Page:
Whether you are pushing an Indy car full throttle or cruising in a hybrid, if you are not driving your business through social media you are not in the race.
John Kullmann is running with the bulls. Kullmann is vice president sales and marketing for Macrosoft Inc., a software design and development company in Parsippany.
“Our demographic matches the medium,” Kullmann said.
For Macrosoft social media emails a multi-layered marketing e-strategy. The company maintains a corporate web site and nice microsites that focus on specific products or services. The company’s Facebook page is updated twice daily and its LinkedIn page twice weekly with information of value to its audience.
Macrosoft releases one or two YouTube videos per month that show a mixture of social activities within the company to allow its 300 global employees to stay connected while giving the company a human face. The company also recently launched an alumni employee program accessed through a LinkedIn group.
Kullmann tweets five times a day, though he is not convinced of the value, yet retired has bogging activities, convinced the ,medium is dying.
Kullmann is not a one-man band and has a staff that helps him be the social media butterfly he is. Ken Toumey, principal of Schooley Mitchell Telecom Consultants in Madison, is chief cook and bottle washer and learned through exploration which social media tools were best for him.
“I don’t think it’s a key driver of growing my business,” Toumey said. “It’s another way I use to stay top of mind with folks who know me and have a general idea of what I do.”
Unlike Kullmann, Toumey finds blogging an effective way to achieve that.
“I realized that was a good way to have a focused discussion about my business and the topic of telecommunications,” he said.
Toumey also uses social media to connect with people on a non-business level. Each day he posts a Facebook note about the history of rock and roll.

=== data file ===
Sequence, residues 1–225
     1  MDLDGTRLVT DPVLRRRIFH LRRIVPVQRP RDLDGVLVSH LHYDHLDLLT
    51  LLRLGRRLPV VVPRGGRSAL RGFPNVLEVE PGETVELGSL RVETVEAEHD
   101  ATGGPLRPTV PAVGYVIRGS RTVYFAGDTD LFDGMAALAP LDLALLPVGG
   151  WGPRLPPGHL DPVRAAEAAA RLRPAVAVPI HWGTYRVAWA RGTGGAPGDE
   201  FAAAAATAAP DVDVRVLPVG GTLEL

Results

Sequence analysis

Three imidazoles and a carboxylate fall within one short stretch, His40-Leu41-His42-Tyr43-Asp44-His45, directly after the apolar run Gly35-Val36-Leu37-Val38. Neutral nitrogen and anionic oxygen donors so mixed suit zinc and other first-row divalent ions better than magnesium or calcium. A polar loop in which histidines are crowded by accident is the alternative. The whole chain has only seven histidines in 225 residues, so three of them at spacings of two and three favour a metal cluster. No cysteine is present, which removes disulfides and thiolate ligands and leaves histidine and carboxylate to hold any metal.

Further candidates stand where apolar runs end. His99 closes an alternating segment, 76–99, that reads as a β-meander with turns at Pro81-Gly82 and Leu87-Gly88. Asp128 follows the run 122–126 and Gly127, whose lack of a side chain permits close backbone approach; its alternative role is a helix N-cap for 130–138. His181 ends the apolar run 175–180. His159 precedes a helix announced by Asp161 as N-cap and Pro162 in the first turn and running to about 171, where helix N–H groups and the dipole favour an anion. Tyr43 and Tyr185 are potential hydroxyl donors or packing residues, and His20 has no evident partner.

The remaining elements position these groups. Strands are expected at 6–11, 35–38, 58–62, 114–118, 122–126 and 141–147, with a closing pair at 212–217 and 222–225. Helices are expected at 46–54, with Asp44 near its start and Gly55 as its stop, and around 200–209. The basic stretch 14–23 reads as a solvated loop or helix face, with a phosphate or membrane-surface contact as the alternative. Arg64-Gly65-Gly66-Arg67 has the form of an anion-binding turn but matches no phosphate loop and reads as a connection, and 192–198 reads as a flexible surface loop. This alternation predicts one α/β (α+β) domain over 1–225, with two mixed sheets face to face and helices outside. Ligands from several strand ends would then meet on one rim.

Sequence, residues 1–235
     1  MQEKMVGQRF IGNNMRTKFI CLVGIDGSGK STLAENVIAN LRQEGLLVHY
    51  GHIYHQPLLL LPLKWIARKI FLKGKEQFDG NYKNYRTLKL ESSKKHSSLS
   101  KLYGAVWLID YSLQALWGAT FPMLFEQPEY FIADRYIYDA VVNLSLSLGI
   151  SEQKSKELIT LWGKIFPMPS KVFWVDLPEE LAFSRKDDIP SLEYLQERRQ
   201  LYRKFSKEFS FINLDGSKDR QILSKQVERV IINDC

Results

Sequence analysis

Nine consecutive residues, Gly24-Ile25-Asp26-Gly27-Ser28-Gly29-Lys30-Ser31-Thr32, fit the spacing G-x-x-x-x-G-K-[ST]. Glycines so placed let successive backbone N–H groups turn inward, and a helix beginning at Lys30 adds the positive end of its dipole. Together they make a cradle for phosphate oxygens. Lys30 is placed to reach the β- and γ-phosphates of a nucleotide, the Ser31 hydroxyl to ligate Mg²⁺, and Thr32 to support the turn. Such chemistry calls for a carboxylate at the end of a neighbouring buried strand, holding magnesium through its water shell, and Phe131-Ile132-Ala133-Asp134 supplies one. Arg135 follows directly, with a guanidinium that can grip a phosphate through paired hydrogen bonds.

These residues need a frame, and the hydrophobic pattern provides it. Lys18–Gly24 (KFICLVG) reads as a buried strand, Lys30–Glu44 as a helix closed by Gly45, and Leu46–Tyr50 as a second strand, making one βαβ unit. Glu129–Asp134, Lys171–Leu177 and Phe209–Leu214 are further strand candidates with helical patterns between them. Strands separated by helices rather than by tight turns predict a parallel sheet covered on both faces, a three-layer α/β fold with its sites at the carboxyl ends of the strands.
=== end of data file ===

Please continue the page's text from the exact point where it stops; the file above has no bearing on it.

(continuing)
That is an important theme for all social media aficionados.
“The purpose of social media is to connect with your current clients and potential clients, and their friends and their clients. The point is not to sell and market to those people directly, “said Valerie Paik, business development and project manager at TAG Online, Inc., a full-service web company in Clifton. “Obviously, we all want a return for our investment but if that comes off as too salesy that turns people away.
“You want to take an approach of what can I offer people who have very precious time. What can I offer them that will really impact their lives?”
TAG Online recently helped a client accomplish this by creating a downloadable custom coupon application offering a 50 percent discount to a weekly workshop about succeeding professionally while maintaining balance.
“It’s all about getting to know people and creating relationships,” Paik said.
“Social media is not marketing. It’s really a conversation,” said David Deutsch, founder and chief strategist at Synergy Social, a social media consulting firm.
“Think of your website as your business and social media as the bar after work,” he said. “You don’t go to the bar to market yourself.”
Deutsch recommends sending out relevant, high-quality information that people will find valuable and stimulating.
“Move away from the idea of ROI and to ROR. It’s about a return on your relationships,” he said.
“Who are your clients and how do you deliver value?” asked Angela Kubisky, executive vice president, membership and marketing at the Morris County Chamber of Commerce. “When you have a Facebook page it gives you more opportunity to exhibit your successes from your clients’ perspective.”
Kubisky also encourages businesses to ask questions on their Facebook page as a means of raising their visibility.
But does it all pay off?
“A single sale as a result of my efforts funds the program for a minimum of two years,” Kullmann said. “The cost is so low that any return greatly pays for itself.”